CT is the art of designing processes that enable hybrid teams of people and machines to work effectively, efficiently, and ethically together.
In this definition, computational thinking is not "accessible" computer science. This definition focuses on hybridized teamwork across people and machines. It does not need to drop any of the useful definitional work on computational thinking processes—decomposition, modeling, algorithms, simulation, data processing. These processes matter as we consider how to systematically teach students to be leaders in a future hybrid workplace. It’s just that the object of these processes isn’t designing something for one processor, but rather for hybrid teams of people and processors.
In essence, I'm proposing this change to K-12 Computer Science Framework (strikeout and italics are mine): Computational thinking refers to the thought processes involved in expressing solutions as computational steps or algorithms that can be carried out
by a computer, effectively, efficiently and ethically by hybrid teams of people and machines.
I have great hope that schools can do this, and do it equitably. Before the recent school closures, I have visited many innovative schools that serve diverse populations and have made progress on how to prepare students to be great team leaders and team members who resourcefully solve complex problems. Teamwork is commonplace in today's innovative schools and students of all backgrounds are good at it. I also routinely see teams of students in schools with 1:1 laptops and tablets who have an intuitive sense of when and how to incorporate a computer into their teamwork, as one component of their process. From here, I think it is just a small step to deliberately reflect and teach students about how they can artfully distribute work across people and machines. What are humans and machines each good at? What are the interfaces between human and machine processes? What kinds of protections are necessary? How can students learn to intentionally design algorithmic processes for effective, efficiency and safe execution by hybrid teams?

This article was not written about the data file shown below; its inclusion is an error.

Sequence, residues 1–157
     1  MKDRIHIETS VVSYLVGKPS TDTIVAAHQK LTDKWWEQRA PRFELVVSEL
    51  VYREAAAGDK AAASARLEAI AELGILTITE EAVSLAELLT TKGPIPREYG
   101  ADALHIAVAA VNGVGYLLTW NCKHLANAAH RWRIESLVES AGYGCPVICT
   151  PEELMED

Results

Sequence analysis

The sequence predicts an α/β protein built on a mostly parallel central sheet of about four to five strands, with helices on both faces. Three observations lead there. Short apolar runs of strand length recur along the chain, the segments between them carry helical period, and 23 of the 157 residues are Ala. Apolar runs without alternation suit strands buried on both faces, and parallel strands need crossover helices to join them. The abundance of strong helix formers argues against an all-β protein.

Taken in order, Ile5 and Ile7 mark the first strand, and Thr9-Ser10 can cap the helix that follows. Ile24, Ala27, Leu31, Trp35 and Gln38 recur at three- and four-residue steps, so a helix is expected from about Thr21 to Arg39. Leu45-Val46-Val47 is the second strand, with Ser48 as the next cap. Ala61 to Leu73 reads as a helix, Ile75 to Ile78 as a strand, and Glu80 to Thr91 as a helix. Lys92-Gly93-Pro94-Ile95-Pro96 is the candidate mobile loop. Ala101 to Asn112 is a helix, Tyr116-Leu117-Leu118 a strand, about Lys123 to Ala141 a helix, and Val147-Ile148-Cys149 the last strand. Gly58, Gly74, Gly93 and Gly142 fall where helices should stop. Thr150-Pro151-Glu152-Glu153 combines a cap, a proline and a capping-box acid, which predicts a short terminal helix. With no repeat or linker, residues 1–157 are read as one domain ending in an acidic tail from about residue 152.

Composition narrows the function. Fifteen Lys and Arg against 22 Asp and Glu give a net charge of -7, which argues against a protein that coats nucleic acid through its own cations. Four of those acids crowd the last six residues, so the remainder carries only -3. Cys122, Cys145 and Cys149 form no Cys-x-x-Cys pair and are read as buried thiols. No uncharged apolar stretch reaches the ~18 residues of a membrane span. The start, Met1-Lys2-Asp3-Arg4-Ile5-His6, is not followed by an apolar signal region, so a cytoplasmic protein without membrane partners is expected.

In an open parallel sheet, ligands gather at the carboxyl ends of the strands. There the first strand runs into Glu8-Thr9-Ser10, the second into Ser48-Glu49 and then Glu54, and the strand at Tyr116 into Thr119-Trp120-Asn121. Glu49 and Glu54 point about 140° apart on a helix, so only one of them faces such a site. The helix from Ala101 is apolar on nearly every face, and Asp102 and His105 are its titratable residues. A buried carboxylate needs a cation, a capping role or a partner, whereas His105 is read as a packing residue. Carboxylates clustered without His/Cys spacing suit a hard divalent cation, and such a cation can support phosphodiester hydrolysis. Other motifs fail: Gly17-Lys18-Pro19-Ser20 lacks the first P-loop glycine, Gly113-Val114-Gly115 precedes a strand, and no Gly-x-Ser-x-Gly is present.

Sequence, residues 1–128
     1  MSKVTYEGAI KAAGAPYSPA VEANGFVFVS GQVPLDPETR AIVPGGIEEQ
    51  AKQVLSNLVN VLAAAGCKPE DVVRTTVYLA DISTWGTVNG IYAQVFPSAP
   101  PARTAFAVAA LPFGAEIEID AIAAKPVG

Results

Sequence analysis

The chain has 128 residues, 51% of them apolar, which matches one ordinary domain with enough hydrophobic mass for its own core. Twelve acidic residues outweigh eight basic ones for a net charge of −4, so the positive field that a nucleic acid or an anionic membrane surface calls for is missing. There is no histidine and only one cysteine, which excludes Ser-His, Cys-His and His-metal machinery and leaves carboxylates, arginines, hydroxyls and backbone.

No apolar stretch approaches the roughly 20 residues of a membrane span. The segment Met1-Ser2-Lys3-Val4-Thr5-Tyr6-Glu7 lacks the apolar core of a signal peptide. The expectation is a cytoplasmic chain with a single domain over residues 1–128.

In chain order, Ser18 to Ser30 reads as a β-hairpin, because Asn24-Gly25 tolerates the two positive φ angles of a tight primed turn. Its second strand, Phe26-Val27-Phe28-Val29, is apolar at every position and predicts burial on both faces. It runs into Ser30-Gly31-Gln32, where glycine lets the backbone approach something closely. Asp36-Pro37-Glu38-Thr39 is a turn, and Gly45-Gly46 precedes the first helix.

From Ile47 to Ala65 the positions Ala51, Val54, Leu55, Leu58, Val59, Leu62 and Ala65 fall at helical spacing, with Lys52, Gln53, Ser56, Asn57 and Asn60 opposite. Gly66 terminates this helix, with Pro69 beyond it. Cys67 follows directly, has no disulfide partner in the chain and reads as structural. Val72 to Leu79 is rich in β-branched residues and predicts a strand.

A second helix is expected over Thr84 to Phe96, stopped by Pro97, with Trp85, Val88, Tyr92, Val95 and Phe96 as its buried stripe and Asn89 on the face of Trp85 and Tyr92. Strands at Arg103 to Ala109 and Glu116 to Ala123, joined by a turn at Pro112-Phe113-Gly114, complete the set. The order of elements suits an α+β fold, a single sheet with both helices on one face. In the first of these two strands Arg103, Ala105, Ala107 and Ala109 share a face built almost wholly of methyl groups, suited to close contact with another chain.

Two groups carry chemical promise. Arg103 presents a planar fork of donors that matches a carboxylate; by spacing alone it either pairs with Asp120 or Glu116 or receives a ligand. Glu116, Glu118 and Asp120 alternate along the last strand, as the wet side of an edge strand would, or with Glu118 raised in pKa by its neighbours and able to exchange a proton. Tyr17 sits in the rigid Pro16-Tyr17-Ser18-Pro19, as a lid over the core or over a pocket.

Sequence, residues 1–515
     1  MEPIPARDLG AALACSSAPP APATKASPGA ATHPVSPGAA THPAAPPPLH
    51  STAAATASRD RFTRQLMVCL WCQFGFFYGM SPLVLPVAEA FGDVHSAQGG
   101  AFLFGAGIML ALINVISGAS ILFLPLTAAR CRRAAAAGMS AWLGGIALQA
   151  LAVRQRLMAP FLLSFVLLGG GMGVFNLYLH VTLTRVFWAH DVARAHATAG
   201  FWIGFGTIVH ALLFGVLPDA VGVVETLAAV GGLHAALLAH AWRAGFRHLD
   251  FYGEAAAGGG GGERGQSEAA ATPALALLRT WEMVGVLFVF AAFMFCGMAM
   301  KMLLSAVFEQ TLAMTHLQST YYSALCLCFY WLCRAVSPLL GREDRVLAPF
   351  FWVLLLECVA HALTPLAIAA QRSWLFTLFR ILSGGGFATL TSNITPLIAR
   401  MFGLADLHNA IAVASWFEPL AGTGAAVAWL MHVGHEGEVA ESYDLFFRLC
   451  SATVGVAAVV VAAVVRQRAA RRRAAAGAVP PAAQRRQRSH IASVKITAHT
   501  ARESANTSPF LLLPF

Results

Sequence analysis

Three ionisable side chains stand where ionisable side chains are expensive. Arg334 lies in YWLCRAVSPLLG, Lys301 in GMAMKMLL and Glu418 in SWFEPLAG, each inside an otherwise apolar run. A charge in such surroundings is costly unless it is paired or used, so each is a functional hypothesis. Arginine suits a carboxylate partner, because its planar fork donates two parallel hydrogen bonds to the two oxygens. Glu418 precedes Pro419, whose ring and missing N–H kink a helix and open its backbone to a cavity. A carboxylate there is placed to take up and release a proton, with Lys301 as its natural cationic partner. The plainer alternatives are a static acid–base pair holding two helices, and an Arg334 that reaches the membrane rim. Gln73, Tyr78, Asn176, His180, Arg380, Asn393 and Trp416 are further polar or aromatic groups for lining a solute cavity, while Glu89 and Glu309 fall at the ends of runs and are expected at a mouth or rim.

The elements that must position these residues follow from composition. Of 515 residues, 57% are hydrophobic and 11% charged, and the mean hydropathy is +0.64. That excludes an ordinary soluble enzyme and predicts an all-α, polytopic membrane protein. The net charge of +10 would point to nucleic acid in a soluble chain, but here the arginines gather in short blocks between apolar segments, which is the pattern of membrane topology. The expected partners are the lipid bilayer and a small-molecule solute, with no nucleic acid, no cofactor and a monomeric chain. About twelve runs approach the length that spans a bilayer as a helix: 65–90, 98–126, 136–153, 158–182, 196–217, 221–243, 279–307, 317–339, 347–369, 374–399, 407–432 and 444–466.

I believe that redefining CT within the context of hybrid teamwork will make it more engaging and approachable to teachers. Few teachers feel comfortable enough with computer science to teach it and the sense of "watered down computer science" doesn’t make a teacher feel any more empowered. And yet, when I visit schools, I see teachers of all subjects coaching their students in hybrid teamwork; using technology as a resource within teamwork and projects is already happening everywhere in schools. I believe teachers could get behind a movement to get serious and specific about how to help students reflect on how they engage in this work and how they can do it better in the future.
I’m calling to refocus a definition of computational thinking on a future world of computational teamwork in which people and machines are both contributors. I want to see efforts at equity in not just who is prepared for an AP Computer Science course and eventual computer science degree, but also who can contribute to society more broadly by organizing and participating in computational teamwork -- this explictly includes people who will be change agents, managers, innovators, and also their computer science team-mates. To engage diverse school populations in learning about computational processes, I want to anchor the definition of CT in a world of work that diverse students and teachers thrive in today and that is meaningful for their futures.
Jeremy Roschelle is Executive Director of Learning Sciences Research at Digital Promise and a Fellow of the International Society of the Learning Sciences.